AVATAR (2009). It appears as if only James Cameron can vanquish James Cameron, as the filmmaker's 1997 Titanic gave up its box office crown to this sci-fi spectacle that satisfied critics, Academy members, fanboys and general audiences alike. On the other hand, the notion that it represented the next revolution in cinema was nothing more than studio-driven hyperbole, because while the 3-D visuals in its theatrical release rated four stars, Cameron's steady but unexceptional screenplay guaranteed that this placed well below more compatible marriages of substance and style found in such celluloid groundbreakers as the original King Kong, 2001: A Space Odyssey, Toy Story and Cameron's own Terminator films. Here, the story meshes Dances With Wolves and Pocahontas with, amusingly enough, last year's animated flop Battle for Terra – it's the year 2154, and the Americans have decided to destroy the indigenous people on a distant planet in order to plunder the land and make off with its riches (plus ça change, plus c'est la même chose). Employing technology that allows humans to look like the blue-skinned locals, the Earthlings send in a Marine (Sam Worthington) to gain their trust, but as the jarhead gets to know these aliens better, he finds himself conflicted. For all its swagger, Avatar is rarely deeper than an average Garfield strip, but Cameron's creation of a new world demands to be seen at least once. Of course, that once should be on a theater screen: Stripped of its 3-D glamour for DVD, the film still looks exceptional but doesn't exercise quite the same grip.
There are no extras on the DVD.
DOCTOR ZHIVAGO (1965). A box office behemoth back in its day, Doctor Zhivago is one of those films, like Gone with the Wind, Casablanca and The Sound of Music, that has delighted generations of moviegoers and continues to loom large in the hearts of its most ardent admirers. Unfortunately for me, it's also that rare classic that leaves me cold, no matter how many times I've watched it over the years. David Lean's first picture after winning back-to-back Best Director Oscars for The Bridge on the River Kwai and Lawrence of Arabia, this adaptation of Boris Pasternak's novel follows the life of Russian doctor-poet Yuri Zhivago (Omar Sharif) as he marries his childhood sweetheart (Geraldine Chaplin), gets swept up in the Bolshevik Revolution, and embarks on an affair with the beautiful but damaged Lara (Julie Christie). As expected, the film is visually stimulating, but Zhivago is a passive and dull protagonist, and neither Robert Bolt's screenplay nor Sharif's one-note performance are able to bring the character to life; consequently, his great romance with Lara feels like much ado about nothing. The cast includes such luminaries as Alec Guinness and Ralph Richardson, although top acting honors go to the two men portraying Lara's previous lovers: Rod Steiger as the cagy, corrupt Komarovsky and Oscar-nominated Tom Courtenay as the political activist Pasha. Nominated for 10 Academy Awards, this earned five, including one for Maurice Jarre's music score (which contains the classic "Lara's Theme"). For an infinitely superior film about the Russian Revolution, rent Warren Beatty's 1981 masterpiece Reds.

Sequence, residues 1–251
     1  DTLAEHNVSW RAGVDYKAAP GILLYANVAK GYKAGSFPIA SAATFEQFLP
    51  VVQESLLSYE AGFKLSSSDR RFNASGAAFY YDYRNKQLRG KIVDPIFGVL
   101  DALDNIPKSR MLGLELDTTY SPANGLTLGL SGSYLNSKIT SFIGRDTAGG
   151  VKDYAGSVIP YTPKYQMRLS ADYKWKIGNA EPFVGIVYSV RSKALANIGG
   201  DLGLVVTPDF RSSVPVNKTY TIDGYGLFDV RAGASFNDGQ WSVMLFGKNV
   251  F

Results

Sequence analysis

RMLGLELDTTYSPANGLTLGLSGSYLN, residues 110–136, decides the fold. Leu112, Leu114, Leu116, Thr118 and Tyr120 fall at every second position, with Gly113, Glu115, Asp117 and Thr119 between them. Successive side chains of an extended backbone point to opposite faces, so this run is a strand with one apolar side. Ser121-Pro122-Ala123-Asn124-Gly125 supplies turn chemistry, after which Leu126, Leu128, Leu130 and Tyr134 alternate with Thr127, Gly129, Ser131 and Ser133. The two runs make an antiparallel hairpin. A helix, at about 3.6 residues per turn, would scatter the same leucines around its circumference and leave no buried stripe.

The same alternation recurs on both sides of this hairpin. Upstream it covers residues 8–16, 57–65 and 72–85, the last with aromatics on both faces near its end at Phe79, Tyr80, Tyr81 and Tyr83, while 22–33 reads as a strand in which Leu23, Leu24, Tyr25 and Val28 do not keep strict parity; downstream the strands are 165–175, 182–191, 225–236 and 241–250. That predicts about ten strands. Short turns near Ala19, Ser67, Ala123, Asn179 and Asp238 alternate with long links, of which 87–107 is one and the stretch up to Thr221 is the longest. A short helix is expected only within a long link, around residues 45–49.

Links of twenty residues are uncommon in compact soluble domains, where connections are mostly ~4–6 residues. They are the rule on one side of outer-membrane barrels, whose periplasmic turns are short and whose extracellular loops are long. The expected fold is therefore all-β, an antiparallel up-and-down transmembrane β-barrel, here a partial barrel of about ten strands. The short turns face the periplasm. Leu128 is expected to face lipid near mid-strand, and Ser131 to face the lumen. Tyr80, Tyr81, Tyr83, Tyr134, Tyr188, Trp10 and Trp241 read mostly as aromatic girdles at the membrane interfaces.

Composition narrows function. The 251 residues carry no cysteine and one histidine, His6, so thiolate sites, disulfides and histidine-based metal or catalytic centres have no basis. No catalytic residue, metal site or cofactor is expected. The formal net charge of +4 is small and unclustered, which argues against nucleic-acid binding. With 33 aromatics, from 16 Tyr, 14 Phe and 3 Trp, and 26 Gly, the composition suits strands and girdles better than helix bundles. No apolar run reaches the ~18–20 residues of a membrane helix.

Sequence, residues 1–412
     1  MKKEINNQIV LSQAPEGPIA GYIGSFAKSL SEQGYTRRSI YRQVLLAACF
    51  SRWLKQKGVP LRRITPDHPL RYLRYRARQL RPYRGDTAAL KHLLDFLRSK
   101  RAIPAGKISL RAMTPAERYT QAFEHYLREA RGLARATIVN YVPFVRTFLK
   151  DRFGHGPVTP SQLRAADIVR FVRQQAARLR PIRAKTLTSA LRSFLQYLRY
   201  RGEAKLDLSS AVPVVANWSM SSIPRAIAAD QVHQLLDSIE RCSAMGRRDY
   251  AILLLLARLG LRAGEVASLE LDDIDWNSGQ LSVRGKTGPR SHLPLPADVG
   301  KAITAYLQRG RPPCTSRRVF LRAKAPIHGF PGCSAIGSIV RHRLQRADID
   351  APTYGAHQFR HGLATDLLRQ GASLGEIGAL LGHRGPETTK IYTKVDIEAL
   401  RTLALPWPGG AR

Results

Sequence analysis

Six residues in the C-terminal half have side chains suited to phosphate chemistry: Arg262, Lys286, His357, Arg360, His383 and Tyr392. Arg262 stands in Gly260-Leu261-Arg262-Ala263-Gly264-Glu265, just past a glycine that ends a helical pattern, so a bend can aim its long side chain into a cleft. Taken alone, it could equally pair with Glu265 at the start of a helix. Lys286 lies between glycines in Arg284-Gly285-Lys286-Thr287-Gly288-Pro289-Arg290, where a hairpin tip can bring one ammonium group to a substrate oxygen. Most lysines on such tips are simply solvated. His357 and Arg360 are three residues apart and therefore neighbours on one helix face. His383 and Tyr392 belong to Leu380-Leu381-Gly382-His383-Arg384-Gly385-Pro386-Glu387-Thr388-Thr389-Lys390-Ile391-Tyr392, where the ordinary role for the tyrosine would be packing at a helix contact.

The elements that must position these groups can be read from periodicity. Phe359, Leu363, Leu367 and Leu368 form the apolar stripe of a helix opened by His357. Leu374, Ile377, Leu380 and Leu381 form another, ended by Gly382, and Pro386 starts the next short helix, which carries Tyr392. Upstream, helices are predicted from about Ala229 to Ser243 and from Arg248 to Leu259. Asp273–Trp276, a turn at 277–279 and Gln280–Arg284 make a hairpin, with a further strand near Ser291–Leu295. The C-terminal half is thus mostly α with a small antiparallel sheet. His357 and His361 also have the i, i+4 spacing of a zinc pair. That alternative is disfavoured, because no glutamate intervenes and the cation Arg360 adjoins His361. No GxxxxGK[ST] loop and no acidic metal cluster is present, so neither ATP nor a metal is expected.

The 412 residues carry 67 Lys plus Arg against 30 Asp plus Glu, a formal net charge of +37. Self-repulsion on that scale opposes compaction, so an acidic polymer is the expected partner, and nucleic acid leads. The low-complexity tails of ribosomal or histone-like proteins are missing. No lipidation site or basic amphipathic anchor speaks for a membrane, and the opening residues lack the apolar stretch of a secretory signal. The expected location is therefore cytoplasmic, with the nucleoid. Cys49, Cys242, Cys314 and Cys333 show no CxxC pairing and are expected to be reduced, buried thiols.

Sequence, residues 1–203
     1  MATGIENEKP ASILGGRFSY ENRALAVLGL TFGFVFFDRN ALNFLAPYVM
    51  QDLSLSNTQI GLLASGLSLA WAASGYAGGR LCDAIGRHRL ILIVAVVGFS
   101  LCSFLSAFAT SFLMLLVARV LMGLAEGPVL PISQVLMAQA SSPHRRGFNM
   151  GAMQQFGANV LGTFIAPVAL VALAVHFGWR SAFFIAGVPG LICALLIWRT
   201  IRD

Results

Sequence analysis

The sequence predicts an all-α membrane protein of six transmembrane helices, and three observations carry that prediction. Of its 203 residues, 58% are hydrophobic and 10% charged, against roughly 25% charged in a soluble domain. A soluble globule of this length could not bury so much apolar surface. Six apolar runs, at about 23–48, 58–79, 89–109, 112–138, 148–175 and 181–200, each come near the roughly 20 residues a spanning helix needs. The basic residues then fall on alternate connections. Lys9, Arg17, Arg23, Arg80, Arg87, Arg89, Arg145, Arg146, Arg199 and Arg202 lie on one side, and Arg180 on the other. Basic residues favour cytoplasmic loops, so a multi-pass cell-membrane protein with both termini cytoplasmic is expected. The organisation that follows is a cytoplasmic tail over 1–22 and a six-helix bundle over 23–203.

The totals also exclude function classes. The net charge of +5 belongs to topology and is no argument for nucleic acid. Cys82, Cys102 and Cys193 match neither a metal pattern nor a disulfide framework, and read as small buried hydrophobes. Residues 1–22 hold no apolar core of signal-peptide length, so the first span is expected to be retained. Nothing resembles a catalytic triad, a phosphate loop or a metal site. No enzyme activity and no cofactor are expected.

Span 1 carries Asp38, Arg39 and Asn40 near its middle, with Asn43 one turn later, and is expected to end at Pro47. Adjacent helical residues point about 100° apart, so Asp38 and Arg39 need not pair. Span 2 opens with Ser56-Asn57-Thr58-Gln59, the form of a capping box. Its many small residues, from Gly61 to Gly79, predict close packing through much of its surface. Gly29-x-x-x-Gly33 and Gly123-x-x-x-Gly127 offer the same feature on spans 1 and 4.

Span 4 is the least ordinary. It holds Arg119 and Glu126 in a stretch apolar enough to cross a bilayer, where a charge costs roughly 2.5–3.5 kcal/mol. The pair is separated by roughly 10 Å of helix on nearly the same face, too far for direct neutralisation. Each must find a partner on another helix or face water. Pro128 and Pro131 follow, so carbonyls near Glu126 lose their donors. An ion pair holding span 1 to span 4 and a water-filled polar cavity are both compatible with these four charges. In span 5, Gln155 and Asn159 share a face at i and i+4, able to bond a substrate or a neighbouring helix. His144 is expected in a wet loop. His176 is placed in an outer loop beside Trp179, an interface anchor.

The only new extra in the two-disc DVD set is a 40-minute featurette titled Doctor Zhivago: A Celebration. Features carried over from past versions include audio commentary by Sharif, Steiger and David Lean's wife, Sandra Lean; the hour-long documentary Doctor Zhivago: The Making of a Russian Epic; vintage interviews with Sharif and Christie; and Chaplin's screen test.